The Effect of Ethanol Concentration on Beta-Cell Development in Zebrafish
Type 1 diabetes is a disorder in which pancreatic β-cells do not provide sufficient insulin to moderate blood sugar levels. Fetal alcohol syndrome is a condition caused by alcohol consumption during fetal development that results in a host of developmental defects. The purpose of this study is to assess the effect of ethanol (EtOH) on β-cell development in developing embryos. Zebrafish embryos were exposed to concentrations of EtOH diluted in embryo medium. Six experimental groups were created by exposing groups of 50 embryos to 0.10%, 0.25%, 0.75%, 1.00%, and 1.50% EtOH, with 0% EtOH serving as a control. The embryos were then rated based on the amount of β-cell degradation in the embryonic pancreases on a scale of zero to four, ranging from no β-cell damage to extreme β-cell damage. We show that higher concentrations of EtOH caused increased damage to β-cells, with average grades of the embryonic β-cells increasing with EtOH concentration: average grades for 0%, 0.10%, 0.25 %, 0.50%, 0.75 %, 1.0 %, and 1.50% EtOH exposures were 0.71, 0.61, 0.55, 1.0, 0.82, 2.1, and 4.0 respectively. Therefore, exposure to increasing amounts of EtOH during pancreatic development may increase the severity of primary β-cell degradation. This study suggests that if a woman were to drink alcohol during the first trimester of her pregnancy, her child would be at a higher risk of developing type 1 diabetes.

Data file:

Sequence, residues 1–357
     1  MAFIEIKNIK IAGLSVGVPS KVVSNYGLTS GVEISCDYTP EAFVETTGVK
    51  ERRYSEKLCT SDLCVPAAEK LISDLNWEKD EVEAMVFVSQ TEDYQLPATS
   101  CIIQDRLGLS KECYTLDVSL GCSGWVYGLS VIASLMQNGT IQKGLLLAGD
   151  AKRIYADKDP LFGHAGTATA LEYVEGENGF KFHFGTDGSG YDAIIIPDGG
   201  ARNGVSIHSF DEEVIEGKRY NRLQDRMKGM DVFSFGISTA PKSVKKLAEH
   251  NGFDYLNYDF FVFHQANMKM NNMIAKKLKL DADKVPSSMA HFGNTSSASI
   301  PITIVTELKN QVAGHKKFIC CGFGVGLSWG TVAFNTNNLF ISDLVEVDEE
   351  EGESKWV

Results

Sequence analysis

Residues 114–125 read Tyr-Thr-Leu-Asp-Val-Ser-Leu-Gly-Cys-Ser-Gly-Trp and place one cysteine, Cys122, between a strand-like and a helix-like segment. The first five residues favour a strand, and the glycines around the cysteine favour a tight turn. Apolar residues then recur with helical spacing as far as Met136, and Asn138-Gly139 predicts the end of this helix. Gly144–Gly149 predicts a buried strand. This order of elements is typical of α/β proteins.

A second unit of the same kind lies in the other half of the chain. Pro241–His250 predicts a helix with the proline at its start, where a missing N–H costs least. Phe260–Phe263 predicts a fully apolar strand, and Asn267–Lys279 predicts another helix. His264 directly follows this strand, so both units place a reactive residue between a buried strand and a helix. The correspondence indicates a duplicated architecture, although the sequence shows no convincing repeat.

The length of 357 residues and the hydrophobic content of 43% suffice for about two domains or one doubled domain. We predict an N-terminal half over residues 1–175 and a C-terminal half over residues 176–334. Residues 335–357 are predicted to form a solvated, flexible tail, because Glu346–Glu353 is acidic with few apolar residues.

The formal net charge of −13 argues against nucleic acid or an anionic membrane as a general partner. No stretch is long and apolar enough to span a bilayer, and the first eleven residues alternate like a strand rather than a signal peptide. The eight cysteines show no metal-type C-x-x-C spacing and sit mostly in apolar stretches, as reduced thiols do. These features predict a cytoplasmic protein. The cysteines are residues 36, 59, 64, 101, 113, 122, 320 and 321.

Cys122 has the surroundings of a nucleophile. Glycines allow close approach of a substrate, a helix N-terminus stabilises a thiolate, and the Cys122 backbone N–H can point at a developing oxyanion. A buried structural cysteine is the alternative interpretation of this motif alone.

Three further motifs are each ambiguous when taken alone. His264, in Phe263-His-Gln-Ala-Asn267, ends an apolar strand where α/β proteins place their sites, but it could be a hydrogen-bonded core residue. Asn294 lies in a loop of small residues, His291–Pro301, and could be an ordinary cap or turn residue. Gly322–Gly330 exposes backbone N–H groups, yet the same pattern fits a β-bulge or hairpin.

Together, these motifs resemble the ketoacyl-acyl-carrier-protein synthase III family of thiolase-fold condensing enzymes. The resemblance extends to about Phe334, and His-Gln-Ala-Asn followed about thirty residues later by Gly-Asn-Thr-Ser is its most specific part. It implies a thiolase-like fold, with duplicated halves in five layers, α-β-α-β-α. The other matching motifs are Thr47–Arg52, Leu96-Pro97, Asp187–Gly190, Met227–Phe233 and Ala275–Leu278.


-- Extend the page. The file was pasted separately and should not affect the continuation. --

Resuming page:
This article has been tagged with:development diabetes ethanol fetal alcohol syndrome pancreas zebrafish